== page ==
Controlling high-current circuits

Digital output from a microcontroller is typically a low-amperage signal. For example, when you put a pin HIGH on the microcontroller (in Wiring/Arduino, it’s  digitalWrite(somePin, HIGH); ), the voltage coming from that pin is typically +3.3V or +5V, and the amperage coming from it is typically 10 milliamps or less. This is fine if you’re controlling an LED, whose required amperage is tiny. Most devices you’d want to control require more current than that. In order to control them, you need something in between your microcontroller and the device that can be controlled with this small voltage and amperage. Relays and switching transistors are most often used for this purpose.

A relay is a switch that’s controlled by a small electric current. Relays take advantage of the fact that when you pass an electric current through a wire, a magnetic field is generated surrounding the wire as well. When you place an iron shaft inside a coil of wire and pass current through the wire, the magnetic field moves the iron shaft. If that iron shaft is part of a switch, the switch can be turned on and off by putting current through the coil, which moves the shaft, closing the contact (see diagram below).

In a schematic, a relay looks like this:

Note the diode in parallel with the load here. This is used only when the load is a motor, solenoid, or some other inductive load, and when it is switched off, will generate a blowback voltage. The diode protects against this. See my motes on motors for more detail.

The current needed to move the shaft in the coil is very low (less than 10 milliamps) so the coil can be energized by an output pin of our microcontroller. The current that can flow through the switch, however, is much higher. The lamp circuit is mostly separate from the microcontroller. A separate power source, with the amperage and voltage needed to turn on the lamp, is used. The power source, the lamp, and the switch side of the relay are all placed in series, and the opposite side of the switch is grounded. When the coil is energized, the switch is physically moved by the magnetic force created, the lamp circuit is completed, and the lamp turns on. Notice that the coil and the lamp circuit are connected to the same ground, however. This applies only if we are switching a DC circuit (more on AC later).

Relays are also useful when you want to replace a switch in an existing electronic device. If you replace the switch with the coil of a relay, the microcontroller can control the device just as if the button were pressed.

Because a relay is a mechanical switch, it can be somewhat slow (a few milliseconds to close). So relays aren’t very effective when you want to turn them on and off rapidly. Sometimes you need to switch a high current circuit rapidly. In this case you would use a switching transistor.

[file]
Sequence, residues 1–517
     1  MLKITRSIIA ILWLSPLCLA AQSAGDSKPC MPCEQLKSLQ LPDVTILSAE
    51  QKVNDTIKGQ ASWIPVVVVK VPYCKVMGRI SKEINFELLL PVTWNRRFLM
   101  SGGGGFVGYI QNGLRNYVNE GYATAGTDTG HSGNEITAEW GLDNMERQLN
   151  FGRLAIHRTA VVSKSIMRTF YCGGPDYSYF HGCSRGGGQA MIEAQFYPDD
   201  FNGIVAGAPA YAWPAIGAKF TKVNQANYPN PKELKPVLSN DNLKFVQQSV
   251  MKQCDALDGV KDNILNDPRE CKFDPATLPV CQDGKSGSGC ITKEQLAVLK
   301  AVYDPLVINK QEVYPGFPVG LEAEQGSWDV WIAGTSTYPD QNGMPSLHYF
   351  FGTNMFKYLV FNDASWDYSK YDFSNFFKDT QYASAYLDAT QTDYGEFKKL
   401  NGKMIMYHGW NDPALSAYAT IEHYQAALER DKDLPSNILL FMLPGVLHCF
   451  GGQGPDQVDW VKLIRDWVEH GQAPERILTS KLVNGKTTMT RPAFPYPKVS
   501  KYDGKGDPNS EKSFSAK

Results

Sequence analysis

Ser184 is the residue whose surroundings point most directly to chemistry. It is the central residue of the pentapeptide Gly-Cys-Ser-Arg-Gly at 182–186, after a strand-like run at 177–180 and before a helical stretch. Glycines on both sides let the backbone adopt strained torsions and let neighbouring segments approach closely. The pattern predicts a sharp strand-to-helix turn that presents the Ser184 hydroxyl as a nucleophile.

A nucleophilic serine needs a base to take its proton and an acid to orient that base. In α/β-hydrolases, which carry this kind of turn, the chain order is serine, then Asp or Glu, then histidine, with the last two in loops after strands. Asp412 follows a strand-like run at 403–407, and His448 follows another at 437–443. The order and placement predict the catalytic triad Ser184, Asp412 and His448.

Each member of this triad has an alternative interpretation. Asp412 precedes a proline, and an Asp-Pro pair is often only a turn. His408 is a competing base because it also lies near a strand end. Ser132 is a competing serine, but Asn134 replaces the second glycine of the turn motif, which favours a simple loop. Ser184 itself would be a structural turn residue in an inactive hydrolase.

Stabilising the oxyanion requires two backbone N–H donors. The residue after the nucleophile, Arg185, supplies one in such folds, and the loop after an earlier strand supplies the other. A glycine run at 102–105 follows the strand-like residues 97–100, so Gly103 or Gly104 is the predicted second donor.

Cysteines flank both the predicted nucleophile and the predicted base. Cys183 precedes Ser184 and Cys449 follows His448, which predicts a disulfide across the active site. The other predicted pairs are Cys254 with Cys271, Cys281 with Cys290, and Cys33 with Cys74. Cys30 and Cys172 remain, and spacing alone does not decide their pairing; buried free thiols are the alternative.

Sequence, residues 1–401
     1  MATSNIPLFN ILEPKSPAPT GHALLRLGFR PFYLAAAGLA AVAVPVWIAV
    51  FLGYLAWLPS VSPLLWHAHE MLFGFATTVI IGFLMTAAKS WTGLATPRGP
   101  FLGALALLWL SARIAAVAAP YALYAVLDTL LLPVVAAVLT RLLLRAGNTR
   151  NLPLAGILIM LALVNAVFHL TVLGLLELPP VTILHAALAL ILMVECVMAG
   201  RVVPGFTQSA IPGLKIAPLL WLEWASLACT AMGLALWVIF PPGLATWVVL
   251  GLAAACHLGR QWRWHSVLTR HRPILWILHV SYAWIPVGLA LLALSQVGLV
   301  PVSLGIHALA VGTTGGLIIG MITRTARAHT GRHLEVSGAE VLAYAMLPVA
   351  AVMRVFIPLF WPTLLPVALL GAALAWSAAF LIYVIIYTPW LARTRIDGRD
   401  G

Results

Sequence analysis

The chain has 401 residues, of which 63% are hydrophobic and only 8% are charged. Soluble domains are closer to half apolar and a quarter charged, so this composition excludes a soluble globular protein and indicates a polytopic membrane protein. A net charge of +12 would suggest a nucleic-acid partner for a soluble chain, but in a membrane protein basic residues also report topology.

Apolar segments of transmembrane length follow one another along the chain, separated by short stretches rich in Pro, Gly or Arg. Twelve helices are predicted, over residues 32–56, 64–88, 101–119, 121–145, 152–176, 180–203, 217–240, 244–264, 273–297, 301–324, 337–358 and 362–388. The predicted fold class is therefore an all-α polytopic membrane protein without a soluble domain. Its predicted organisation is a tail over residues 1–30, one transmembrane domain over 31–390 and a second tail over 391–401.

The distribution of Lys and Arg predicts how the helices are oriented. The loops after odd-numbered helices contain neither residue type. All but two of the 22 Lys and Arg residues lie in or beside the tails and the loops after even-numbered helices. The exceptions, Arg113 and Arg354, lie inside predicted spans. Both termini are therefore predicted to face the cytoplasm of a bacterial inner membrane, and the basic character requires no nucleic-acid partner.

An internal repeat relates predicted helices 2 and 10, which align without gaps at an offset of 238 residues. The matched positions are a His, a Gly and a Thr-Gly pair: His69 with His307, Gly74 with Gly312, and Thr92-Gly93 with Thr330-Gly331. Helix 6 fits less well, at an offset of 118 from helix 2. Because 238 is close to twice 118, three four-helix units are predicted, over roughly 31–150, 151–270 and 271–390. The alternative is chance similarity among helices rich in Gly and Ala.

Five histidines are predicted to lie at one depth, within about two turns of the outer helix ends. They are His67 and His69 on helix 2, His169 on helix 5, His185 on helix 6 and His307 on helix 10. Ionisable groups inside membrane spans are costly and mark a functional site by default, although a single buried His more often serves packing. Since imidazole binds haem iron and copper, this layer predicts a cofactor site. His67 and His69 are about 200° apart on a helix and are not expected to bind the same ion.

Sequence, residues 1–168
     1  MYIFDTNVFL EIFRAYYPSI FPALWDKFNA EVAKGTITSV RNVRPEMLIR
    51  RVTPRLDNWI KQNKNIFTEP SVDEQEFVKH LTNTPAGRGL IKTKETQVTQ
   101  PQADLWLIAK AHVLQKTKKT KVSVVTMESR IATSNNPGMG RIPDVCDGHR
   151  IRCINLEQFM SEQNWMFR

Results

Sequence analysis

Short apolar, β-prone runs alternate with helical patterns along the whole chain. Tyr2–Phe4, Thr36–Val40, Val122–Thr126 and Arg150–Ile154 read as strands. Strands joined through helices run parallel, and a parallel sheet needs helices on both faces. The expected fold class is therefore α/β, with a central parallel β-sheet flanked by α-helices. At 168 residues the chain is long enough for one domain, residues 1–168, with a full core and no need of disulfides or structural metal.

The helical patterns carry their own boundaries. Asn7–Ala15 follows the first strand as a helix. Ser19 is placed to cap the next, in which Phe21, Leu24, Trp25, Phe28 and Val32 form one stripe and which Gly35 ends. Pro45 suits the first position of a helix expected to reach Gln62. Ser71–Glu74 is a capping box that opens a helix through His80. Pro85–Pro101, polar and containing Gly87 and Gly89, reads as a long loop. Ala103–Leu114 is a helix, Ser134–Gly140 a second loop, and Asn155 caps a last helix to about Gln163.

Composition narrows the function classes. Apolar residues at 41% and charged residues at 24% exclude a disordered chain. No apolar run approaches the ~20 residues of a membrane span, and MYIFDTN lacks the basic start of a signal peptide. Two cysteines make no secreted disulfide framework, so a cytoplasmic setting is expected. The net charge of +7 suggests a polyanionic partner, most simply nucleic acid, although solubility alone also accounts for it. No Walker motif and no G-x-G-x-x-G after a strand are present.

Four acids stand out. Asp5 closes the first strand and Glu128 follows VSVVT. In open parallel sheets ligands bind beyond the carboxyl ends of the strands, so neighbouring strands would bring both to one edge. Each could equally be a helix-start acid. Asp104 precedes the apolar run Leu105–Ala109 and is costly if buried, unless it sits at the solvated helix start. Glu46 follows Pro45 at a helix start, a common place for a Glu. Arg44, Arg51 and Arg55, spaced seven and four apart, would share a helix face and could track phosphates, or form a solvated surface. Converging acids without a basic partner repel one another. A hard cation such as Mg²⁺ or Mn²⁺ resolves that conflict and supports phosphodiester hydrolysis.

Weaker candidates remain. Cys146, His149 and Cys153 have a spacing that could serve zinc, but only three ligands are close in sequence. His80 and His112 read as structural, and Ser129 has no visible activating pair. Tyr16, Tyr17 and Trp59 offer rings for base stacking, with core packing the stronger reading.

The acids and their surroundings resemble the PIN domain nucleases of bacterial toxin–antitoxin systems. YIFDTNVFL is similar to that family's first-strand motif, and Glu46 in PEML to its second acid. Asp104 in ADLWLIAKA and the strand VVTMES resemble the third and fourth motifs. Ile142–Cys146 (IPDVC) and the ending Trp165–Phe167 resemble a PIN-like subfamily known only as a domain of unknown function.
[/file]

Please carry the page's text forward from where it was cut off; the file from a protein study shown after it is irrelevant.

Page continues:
A transistor is a device that can work as a switch or an amplifier. It allows control of a large current by a smaller current as does a relay. Unlike a relay, however, a transistor is not mechanical, and can operate much faster than a relay. For the moment, we’ll discuss using transistors as switches.

There are several types of transistors and they come in two major classes: bipolar transistors, and field-effect transistors, or FETs. For the moment, we’ll be talking only about bipolar transistors. All, however have some similar properties. They all have three connections, referred to as the base, the collector, and the emitter (on FET transistors, the three connections are the gate, the source and the drain). By putting a small voltage/current on the base of a transistor, you allow a larger current to flow from the collector to the emitter.

Among bipolar transistors, there are two types: NPN transistors, and PNP transistors. NPN transistors require a small positive voltage on the base relative to the voltage on the collector to turn on, whereas PNP transistors require a small negative voltage on the base. We’ll use NPN transistors in the examples here, specifically a very robust transistor called a darlington transistor. This type of transistor is designed to switch high-current loads.

The basic circuit for using a transistor to control a high-current load is simple. You connect a DC power source to one terminal of the load, then connect the second terminal of the load to the collector of the transistor. The emitter is then connected to ground, and the base is connected to the output of your microcontroller through a resistor (the transistor only needs a small voltage, about 0.7V, to turn on, so the resistor limits the voltage to the base). When you take the output pin of the microcontroller high, the base gets a voltage, allowing current to flow through the load, through the transistor, and to ground.

Note how similar this schematic is to the relay schematic. The transistor here is serving the same function as the relay. However, it can switch much faster than the relay. In addition, because there are no mechanical parts, it will reliably function for more switching operations than the relay. Generally, if you are switching DC motors, solenoids, or other high-current DC devices which create motion, it’s better to use a switching transistor than a relay. The ideal way to control a motor is with an H-bridge, which is an array of transistors that lets you control not only speed but also direction. there’s more on that in the motor control notes.

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